About Eileen: Eileen Roberts has been a covenant member of NLICC and married to Stan for 38 years. They have three children who grew up at NLICC and five beautiful grandchildren. Stan and Eileen are semi-retired and have served in many ministries over the 38 years. Eileen presently serves on the Board of Directors at the Fredericksburg Pregnancy Center and assists in the 1st Grade Sunday School class.
Women’s Ministry Committee Meeting – Saturday, November 9th at 8:30am in Room 217
Please remember to submit your updated job descriptions to Heather so that we can all share.
Women’s Ministry Training – Saturday, November 9th at 10am in Room 217
Gale Puffenberger is leading the final training class. Please finish the remainder of the book, Leadership for Women in the Church to prepare for discussion.
Mental Health and the Mission of the Church Mini-Conference – November 16th, 8:30am – 1:30pm
- “For God has not given us a spirit of fear, but of power and of love and of a sound mind.” 2 Timothy 1:7
- Biblical counselor Pam Lopes, Dr. Mitzi Sampson and Pastor Sean will be educating, equipping and encouraging us to minister to ourselves, our families, friends and neighbors. Mental health issues are ones that affect all of us in some way or another, yet are often kept hidden and unshared with the church body out of shame or stigma. How should the church respond to mental illness? With compassion and help and the light of Christ – the same way she responds to any suffering.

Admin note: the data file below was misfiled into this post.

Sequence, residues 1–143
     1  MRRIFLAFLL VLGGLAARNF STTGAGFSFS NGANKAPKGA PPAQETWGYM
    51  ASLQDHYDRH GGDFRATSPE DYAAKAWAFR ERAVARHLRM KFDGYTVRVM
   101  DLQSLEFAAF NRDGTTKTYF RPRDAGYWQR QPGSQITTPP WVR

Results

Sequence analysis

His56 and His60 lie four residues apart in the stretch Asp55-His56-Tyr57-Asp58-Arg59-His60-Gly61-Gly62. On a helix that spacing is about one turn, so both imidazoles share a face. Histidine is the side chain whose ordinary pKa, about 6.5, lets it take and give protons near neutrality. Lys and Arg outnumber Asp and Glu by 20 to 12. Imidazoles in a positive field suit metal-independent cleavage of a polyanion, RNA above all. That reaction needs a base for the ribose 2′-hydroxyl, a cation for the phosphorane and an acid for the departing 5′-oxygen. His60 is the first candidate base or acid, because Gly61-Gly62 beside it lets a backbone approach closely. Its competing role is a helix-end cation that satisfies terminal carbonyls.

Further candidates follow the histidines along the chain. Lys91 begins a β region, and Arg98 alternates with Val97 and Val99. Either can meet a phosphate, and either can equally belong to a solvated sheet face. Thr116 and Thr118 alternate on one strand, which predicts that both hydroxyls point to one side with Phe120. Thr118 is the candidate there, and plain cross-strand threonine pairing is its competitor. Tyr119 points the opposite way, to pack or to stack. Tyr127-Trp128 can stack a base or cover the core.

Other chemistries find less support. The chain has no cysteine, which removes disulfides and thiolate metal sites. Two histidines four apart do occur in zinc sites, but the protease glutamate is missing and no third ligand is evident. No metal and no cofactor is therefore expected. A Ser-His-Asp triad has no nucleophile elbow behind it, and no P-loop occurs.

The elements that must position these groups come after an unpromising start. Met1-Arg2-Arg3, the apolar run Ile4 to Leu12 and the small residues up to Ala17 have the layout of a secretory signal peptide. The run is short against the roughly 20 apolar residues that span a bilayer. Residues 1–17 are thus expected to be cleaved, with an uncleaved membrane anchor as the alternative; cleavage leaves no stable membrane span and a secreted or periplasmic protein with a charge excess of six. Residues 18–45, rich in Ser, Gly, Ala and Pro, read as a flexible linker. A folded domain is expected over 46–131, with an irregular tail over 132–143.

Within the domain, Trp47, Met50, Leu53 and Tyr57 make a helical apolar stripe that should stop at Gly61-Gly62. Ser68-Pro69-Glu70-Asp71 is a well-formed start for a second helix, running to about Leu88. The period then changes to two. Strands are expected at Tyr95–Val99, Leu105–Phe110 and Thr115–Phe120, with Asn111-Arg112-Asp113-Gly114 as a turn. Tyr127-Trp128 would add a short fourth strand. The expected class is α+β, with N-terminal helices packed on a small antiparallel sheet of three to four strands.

- Invite friends and teenage daughters and come for the morning.
- Breakfast and lunch provided. No cost, donations accepted to help cover costs.
- RSVP by Monday, November 11th to firstname.lastname@example.org so that we can plan for meals and materials
If you are interested in providing hospitality for Capernaum on a Thursday evening, click here. It’s a great opportunity to serve as individuals, a couple, friends or as a care group. At publishing time, no one was signed up for tonight or for November 21st. Please consider this community outreach – an opportunity for missions right in our own building!
The Thanksgiving ministry is an outreach to the community. In addition to delivering meals to shut-ins, meals are delivered to individuals in neighborhoods throughout the community. NLICC’s ministry to Muslims has grown out of this initial contact. Look for a flyer in the bulletin in coming Sundays about the Thanksgiving Ministry. There will be a need for turkeys and pies Thanksgiving morning. If you can help, please fill out the flyer and put it in the offering plate. There will also be an envelope for financial gifts to assist the ministry.
Operation Christmas Child Shoeboxes
Using the brochure in Sunday’s bulletin, fill a regular-size shoebox with items suggested on the list for a child fitting into one of the age categories listed. Once it is full, go to www.samaritanspurse.org to the OCC link. Select the option to pay shipping online. Print out the barcode it generates and tape it to the box as suggested. This not only helps the OCC team run the ministry more smoothly, but it also allows you to track your box to the country where it is going. Bring your box to church no later than Sunday, November 24th. They will be gathered right after church and taken to the local relay center for the next leg of the journey. Questions? Call Brenda Storms
Eileen’s story is not as uncommon as you might think. I praise God that Eileen was involved in trusting fellowship with other women seven years ago and that she has found hope and peace in Christ after the loss of her dad to suicide, even though as she says, “You never get over it.”
in His grace,
for the Women’s Ministry Committee